I suspect Mia had another stroke sometime in the wee small hours of Sunday morning. By the time I got up, she couldn’t pull herself up, couldn’t walk even with help. Her distress levels were through the roof and she couldn’t or wouldn’t focus to accept her meds. I sat on the floor in the hallway and just held her against my chest for a while, something this cat almost NEVER permitted ANYONE, not even me, to get away with; it was her lack of struggling but her obvious discomfort that made it unarguably clear that she wasn’t going to make it much further.

This wasn’t what I had wanted for her, not what I had planned. After losing Prou in the vet’s office without much warning, I had wanted beyond all else to have Mia be able to pass at home in some comfort and familiarity. But we didn’t get that luxury. My vet’s office isn’t open on Sundays, and even if it was, it wouldn’t be guaranteed that we could get a same-day house call. So I had to bundle my dying companion into a carrier, out into the cold and across town to the emergency vet hospital, where they are lovely and compassionate, gentle people… but they didn’t know us. They hadn’t already gone through one grief process with our household only four months prior. They had no history with Mia, they were just willing to accept my information, request, and payment, and do what was by then a necessity, a foregone conclusion. Once again, in spite of having months to prepare, I found myself crouched over a struggling companion in an impersonal clinical room, holding them and sobbing and apologizing for somehow failing them.

Because that’s what we do when we love these furry beasts. We absorb an exorbitant degree of responsibility for their dependent state. We build palatial spaces for them in our hearts, even when they’re being furry jerks who chew things they shouldn’t, throw up in unexpected places, shed hair on everything we own hide our socks, and find endlessly interesting and unique ways to tell us exactly how they feel about life, the universe, and everything. And yet for those of us who let them into our hearts, even knowing how heavy the grief will be somewhere down the road… we wouldn’t have it any other way. Even if it means coming home from a vet’s office twice in four months with an empty cat carrier that wasn’t empty when I left the house… we know. We do it anyway.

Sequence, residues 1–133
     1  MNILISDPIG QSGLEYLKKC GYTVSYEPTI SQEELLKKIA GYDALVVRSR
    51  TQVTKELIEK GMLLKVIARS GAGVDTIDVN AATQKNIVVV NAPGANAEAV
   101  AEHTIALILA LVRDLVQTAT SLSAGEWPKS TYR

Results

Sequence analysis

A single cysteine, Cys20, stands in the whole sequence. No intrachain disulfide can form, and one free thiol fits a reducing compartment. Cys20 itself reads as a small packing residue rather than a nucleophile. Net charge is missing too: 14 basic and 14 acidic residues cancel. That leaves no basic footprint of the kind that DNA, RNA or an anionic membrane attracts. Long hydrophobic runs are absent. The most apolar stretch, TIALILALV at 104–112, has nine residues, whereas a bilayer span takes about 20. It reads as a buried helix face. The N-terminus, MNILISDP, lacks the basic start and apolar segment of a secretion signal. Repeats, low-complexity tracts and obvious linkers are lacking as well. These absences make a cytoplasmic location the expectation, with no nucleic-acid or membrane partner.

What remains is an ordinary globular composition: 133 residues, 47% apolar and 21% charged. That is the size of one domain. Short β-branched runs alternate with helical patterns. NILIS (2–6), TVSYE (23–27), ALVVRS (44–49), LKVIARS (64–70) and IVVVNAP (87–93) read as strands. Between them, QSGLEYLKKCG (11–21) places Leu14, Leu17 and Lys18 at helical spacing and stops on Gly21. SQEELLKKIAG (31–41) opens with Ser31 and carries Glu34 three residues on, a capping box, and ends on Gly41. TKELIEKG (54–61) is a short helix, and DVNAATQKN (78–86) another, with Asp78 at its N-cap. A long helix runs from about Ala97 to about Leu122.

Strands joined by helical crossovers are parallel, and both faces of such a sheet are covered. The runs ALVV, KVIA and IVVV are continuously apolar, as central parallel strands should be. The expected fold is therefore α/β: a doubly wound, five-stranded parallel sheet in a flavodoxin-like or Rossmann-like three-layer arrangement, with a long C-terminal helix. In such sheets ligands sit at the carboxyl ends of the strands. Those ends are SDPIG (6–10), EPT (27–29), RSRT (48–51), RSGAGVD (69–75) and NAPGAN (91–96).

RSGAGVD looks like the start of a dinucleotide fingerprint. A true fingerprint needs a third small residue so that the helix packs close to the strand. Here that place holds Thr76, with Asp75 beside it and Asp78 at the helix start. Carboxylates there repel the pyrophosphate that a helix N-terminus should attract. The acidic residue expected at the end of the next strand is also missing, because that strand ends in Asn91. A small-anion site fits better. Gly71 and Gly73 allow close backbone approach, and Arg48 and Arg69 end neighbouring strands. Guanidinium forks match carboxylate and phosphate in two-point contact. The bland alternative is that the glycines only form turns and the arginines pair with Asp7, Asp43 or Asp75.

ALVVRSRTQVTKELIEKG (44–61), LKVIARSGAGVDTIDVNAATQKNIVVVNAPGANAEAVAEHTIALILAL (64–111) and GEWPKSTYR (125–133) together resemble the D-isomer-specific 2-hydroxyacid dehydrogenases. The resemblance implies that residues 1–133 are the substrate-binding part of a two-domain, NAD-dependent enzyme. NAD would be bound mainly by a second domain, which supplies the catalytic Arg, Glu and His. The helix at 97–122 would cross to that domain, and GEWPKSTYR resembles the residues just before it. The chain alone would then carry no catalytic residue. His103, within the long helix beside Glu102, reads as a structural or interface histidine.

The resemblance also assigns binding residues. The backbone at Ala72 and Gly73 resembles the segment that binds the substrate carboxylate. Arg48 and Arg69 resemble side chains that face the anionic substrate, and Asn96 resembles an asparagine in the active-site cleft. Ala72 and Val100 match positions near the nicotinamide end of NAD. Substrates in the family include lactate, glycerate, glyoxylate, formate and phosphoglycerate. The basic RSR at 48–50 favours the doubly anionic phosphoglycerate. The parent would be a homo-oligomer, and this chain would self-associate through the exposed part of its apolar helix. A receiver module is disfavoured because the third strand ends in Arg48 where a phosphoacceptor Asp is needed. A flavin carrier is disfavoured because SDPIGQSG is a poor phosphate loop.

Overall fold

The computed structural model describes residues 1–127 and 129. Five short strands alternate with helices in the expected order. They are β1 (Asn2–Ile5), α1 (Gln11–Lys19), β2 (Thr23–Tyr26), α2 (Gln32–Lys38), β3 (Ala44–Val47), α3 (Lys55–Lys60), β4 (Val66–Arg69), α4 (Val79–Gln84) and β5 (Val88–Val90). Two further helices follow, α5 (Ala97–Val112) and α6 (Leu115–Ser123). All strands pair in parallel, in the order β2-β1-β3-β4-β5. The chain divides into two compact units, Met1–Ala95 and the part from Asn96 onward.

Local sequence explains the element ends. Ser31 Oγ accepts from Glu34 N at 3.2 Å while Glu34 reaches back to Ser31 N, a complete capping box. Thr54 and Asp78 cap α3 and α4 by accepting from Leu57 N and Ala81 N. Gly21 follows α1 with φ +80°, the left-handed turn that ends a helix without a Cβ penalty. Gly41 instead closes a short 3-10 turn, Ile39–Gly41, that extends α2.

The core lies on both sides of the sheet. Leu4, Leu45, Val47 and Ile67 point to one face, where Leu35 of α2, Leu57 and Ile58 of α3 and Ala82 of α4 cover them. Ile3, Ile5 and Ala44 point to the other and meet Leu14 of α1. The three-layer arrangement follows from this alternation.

This time around is abysmally more difficult, though. When Prou died in September, I still had Mia. And even knowing post-stroke I might not have her for long (or more accurately, entirely BECAUSE I knew I wouldn’t have her much longer), any part of my life that wasn’t about work became about her. So with her sudden (albeit not really unexpected) absence, the past few days have been a harsh lesson in the weight of silence. It’s almost unbearable when there is nothing and no-one else in our space with us any more. The silence is deafening. I realized almost immediately how much of my attention is still focused on awaiting the call for company, or waiting for the movement of a small shadow at the edge of my peripheral vision. Every little creak or household sound triggers a kind of breathless anticipation, awaiting The Companions who… are simply gone. Wherever their next lives have taken them, they are no longer here. The letdown from every one of those moments of anticipation is crushing. I thought it was hard after Prou, and it was, for the loss of my bonded companion. But the silence left now by the absence of Mia as well is so much harder. For all that Mia and I didn’t have the same bond Prou and I had, making much of my life about the process of caring for Mia in her final months made what connection we had the stronger for both her need, and my willingness to move pretty much everything be there for her.